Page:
Mattel’s iconic Barbie doll has had plenty of looks over the years, and now her latest is making history. The newest addition to Barbie’s “Shero” line, which celebrates inspirational women and provides children with all-important female role models, is modelled on Olympic fencer Ibtihaj Muhammad — complete with hijab.
Muhammad calls this “a childhood dream come true,” and is “proud to know that little girls everywhere can now play with a Barbie who chooses to wear a hijab.” Other high-profile women who have been welcomed into the ‘Shero’ family include filmmaker Ava DuVernay and gymnast Gabby Douglas.
“We use this line to create a halo over the brand,” says Lisa McKnight, SVP of Barbie brand strategy at Mattel. She calls Muhammad the “trifecta,” as somebody “who has broken boundaries and inspires girls, and played with Barbies as a girl herself.”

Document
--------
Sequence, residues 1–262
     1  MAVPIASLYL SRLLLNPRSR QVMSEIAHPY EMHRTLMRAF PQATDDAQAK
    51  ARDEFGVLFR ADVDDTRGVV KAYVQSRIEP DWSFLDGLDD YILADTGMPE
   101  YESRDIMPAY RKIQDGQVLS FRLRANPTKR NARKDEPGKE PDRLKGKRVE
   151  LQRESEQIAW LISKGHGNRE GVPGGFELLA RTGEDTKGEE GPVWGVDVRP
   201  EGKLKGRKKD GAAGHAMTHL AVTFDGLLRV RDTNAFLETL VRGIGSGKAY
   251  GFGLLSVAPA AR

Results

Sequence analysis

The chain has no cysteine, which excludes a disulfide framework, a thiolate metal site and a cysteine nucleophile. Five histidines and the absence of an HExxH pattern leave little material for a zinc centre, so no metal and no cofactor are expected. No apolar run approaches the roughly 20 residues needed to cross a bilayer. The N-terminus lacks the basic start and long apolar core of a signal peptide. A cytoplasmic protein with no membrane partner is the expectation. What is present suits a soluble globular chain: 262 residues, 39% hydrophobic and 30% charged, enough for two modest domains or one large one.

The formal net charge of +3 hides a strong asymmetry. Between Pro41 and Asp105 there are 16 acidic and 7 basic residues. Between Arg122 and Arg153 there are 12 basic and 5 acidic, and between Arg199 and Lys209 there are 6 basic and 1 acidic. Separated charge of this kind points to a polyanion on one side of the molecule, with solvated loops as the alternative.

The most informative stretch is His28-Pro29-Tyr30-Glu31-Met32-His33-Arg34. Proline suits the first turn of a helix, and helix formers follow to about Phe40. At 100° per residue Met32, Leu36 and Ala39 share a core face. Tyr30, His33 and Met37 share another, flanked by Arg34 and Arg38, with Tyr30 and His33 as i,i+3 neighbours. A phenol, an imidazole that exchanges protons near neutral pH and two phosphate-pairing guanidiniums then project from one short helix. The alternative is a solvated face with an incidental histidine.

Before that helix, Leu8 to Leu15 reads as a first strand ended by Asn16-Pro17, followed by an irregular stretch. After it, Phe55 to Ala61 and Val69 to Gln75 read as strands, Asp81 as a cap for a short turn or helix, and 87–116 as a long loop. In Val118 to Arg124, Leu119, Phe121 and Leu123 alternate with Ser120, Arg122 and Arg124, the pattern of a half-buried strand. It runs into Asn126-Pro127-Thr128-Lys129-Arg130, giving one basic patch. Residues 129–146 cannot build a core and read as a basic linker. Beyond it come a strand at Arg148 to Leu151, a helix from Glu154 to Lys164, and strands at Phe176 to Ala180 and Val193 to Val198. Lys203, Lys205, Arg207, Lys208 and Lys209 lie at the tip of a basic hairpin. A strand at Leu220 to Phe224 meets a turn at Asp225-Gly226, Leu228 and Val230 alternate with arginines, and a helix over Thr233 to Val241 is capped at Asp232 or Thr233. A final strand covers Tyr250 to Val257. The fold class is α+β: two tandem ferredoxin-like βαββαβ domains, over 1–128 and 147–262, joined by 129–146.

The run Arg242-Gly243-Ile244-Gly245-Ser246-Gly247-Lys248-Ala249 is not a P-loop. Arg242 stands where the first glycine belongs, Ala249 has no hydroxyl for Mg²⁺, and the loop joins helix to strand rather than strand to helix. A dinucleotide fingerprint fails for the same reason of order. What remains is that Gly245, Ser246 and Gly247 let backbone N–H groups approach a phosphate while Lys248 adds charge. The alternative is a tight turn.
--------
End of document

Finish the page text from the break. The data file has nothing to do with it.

With gendered toys often accused of being reductive when it comes to girls’ interests, diversity and visibility are no longer just nice-to-haves when it comes to showing kids what they can achieve — they’re essential. LEGO recently honoured the historically underrepresented women in STEM fields with a trio of dioramas depicting the achievements of NASA’s female scientists and astronauts. Barbie’s ‘Sheroes’ are on the same mission, and including Ibtihaj Muhammad in this line means that for the first time, young Muslim girls will be able to see themselves in the most famous doll of all time.
Using such a popular, beloved toy to showcase diversity is a socially beneficial and necessary move, and one that stands to positively impact Mattel’s bottom line. Young Muslims are recognised as one of the most powerful contemporary consumer groups, and brands are fast coming around to the fact that better serving women and girls is critical to their success. The ‘Shero’ line currently accounts for five per cent of all Barbie sales. If Mattel continues with its efforts to make this collection ever more inclusive, we can expect that number to grow.
to News Alerts